Leaving the Linux Cult

I bought a Macbook

July 6, 2023

I fell for the Thinkpad meme a few years ago and have since daily driven two old Thinkpads with Arch Linux. I’ve found doing this has been a vast improvement over using Windows in many ways but over the past few months I’ve realized that using ten year old laptops is silly, they’re heavy, have terrible battery life, terrible screens, underpowered hardware and everyone rightfully thinks that you are crazy for doing it, so I broke down and bought a macbook, and I figured that since a good chunk of you reading this are free software enthusiasts I thought it would be a good idea for me to explain why I did that instead of buying some Windows laptop and putting Linux on it again.

But first let’s look at why I switched to Linux in the first place. For some reason YouTube started feeding me Luke Smith videos and back then almost all of his content were Linux tutorials. His tutorials are quite good because rather than doing something boring like show you how to install Python then write a Hello World program Luke would take a problem that we might encounter in our time using a computer and show people how to efficiently solve it using the tools a Linux based operating system provided. I switched to Linux because it could do things that I wanted to do, there were other benefits but none of those were the reason that I switched and none were ever a dealbreaker.

Since that time my life has changed quite a bit, and my computer usage and computing needs are among the things that have changed the most. These days all I do on my computer is browse the web, edit text documents in Vim and SSH into the server this website is hosted on. I don’t need Linux to do that, really I don’t even need a laptop to do that, I’m writing this article with a bluetooth keyboard connected to my iPhone, but of course a laptop is better than a phone for all of those things.

Realizing this, and knowing that since they came out with their own processors they now make arguably the best hardware, I really didn’t have much of a reason not to buy an Apple laptop.

The first complaint you might throw at me is that MacOs is proprietary garbage which is true but after disconnecting myself from Linux culture I’ve come to realize that I don’t care. Like we did with my switch to Linux let’s go back to the beginning of the free software movement which contained what I’ve always found to be the most compelling argument.

Legend has it that Richard Stallman was working at some computer related job and their office printer had some strange issue with it that Stallman was able to fix by hacking into the software and correcting whatever faulty line of code that had caused the problem. Later Stallman’s office upgraded their printer to a more recent one from the same company and it had the same problem that Stallman already knew how to fix but in the newer model the printer manufacturer locked consumers out of the software and this frustrated Stallman so much that he started the free software movement.

The birth of the free software movement had nothing to do with things like privacy, customizability, communism or anything like that, these things didn’t become core tenants of the philosophy until later. In the beginning it was all about having the ability to fix your software like you can fix your car and this was what appealed most to me. The idea that if I had some problem with software that I could just fix it or whatever sounded amazing to me.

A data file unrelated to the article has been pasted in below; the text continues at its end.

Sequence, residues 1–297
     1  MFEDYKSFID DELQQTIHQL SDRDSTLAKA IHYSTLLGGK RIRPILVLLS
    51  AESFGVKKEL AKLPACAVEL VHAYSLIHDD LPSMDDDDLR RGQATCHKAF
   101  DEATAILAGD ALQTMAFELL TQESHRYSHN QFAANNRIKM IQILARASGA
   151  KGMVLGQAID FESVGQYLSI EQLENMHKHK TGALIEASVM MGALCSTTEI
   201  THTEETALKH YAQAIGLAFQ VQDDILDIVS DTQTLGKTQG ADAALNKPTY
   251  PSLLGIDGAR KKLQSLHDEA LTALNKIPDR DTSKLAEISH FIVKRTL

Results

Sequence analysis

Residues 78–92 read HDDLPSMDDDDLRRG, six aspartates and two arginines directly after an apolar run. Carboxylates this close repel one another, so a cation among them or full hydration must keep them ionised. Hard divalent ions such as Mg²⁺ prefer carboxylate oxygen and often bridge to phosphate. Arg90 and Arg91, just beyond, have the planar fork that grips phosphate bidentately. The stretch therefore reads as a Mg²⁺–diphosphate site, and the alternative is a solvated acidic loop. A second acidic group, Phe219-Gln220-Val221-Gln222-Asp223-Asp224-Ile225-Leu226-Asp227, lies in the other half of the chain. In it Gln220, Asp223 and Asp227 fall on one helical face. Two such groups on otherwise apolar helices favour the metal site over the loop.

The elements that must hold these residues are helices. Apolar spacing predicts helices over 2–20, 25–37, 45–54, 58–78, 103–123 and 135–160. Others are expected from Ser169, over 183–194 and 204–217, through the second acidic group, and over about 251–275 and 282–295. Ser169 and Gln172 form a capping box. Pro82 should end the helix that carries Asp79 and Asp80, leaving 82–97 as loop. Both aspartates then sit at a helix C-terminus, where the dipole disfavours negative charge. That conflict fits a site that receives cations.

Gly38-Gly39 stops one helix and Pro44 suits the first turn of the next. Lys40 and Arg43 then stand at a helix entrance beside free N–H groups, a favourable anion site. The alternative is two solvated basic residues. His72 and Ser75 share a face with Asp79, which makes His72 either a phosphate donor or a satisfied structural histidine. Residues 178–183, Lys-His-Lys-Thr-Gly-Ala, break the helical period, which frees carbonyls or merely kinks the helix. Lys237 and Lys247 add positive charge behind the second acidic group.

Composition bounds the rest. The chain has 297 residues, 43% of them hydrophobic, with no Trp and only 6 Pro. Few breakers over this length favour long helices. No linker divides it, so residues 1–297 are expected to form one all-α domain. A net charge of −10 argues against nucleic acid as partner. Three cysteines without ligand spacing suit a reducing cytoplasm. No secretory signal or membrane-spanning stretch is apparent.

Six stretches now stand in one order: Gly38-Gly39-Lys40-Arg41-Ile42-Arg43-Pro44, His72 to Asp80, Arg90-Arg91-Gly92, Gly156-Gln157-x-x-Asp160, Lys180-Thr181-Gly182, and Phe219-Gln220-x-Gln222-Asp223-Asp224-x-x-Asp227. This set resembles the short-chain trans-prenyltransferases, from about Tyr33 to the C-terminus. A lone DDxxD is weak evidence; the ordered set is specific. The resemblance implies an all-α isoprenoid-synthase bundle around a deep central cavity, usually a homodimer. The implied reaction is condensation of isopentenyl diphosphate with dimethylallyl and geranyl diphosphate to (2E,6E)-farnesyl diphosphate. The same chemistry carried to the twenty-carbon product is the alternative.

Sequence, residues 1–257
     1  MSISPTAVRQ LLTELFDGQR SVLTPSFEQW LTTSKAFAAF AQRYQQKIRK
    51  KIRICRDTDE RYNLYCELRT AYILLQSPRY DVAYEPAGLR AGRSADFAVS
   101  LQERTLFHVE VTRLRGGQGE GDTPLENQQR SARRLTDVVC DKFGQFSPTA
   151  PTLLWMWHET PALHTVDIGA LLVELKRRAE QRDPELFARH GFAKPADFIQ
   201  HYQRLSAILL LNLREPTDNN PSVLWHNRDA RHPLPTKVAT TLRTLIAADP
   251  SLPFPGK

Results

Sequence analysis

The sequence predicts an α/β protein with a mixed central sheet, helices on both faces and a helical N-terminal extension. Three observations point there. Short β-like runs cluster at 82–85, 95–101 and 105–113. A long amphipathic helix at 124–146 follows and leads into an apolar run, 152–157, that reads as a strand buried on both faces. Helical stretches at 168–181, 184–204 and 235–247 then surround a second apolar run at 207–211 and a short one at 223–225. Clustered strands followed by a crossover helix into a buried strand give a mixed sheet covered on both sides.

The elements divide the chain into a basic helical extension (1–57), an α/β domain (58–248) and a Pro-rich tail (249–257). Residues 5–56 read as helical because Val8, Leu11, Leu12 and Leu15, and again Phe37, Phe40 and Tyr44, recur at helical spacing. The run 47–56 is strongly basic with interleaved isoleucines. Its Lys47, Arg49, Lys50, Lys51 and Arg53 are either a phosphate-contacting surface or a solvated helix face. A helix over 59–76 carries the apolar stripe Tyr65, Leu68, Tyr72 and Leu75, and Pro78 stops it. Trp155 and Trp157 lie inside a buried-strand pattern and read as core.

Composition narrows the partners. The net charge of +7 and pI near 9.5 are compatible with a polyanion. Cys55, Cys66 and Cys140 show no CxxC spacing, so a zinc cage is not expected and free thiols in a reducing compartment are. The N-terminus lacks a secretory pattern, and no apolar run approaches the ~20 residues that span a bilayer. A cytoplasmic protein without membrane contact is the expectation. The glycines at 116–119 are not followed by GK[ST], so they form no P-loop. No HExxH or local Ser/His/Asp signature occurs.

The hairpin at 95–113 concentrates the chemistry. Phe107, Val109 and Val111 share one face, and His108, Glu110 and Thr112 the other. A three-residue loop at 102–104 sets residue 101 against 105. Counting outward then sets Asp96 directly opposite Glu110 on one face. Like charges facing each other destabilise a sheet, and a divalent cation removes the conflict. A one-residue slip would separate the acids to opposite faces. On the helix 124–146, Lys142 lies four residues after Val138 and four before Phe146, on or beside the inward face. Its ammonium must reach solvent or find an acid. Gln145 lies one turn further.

But that was only ever an idea because it was never something that I did and you’ve probably never done it either. In the real world if I didn’t like a certain piece of software I’d just try a different software until I found one that I liked, this is what you do to. Since I’ve already found all the software I like and it is all available on MacOs I’m not losing anything by switching.

In fact I’m actually gaining some things by buying a MacBook Air. Battery life and processing power are two obvious things along with being deeper in the Apple ecosystem than I already am which has its benefits but ever since I’ve switched to Linux my software has felt like it has been held together with duct tape and baling wire and I’ve gotten tired of dealing with that.

One issue I’ve had was that I was never able to connect to public WiFi. Does everyone who uses Linux have this problem? No, but I did and I spent several hours trying to fix it with no success. So back when I was in college if I wanted to go on campus with a computer I’d either have to make sure I had everything I needed already downloaded or just bring my Windows laptop.

Another issue came one day when I was trying to SSH into my server and couldn’t for some strange reason. I was connected to the internet, my web browser worked just fine, my website was up so my server was clearly working, but even if I tried pinging my domain nothing would come up. This was the same with other websites that I tried, I eventually figured out that there was something wrong with my terminal accessing domain name services since when I substituted my domain name for my server’s IP address it worked. But what was even stranger was that there was no reason for that to have stopped working in the first place, I hadn’t made any changes to my operating system in a long time and when I went into my config files to change DNS servers in case that is what went down and that didn’t work, I tried updating everything but was unable to because of the DNS issue. I was able to work around the issue until a week or two later everything started to randomly work again. This would not happen in an operating system that is not held together with duct tape and baling wire.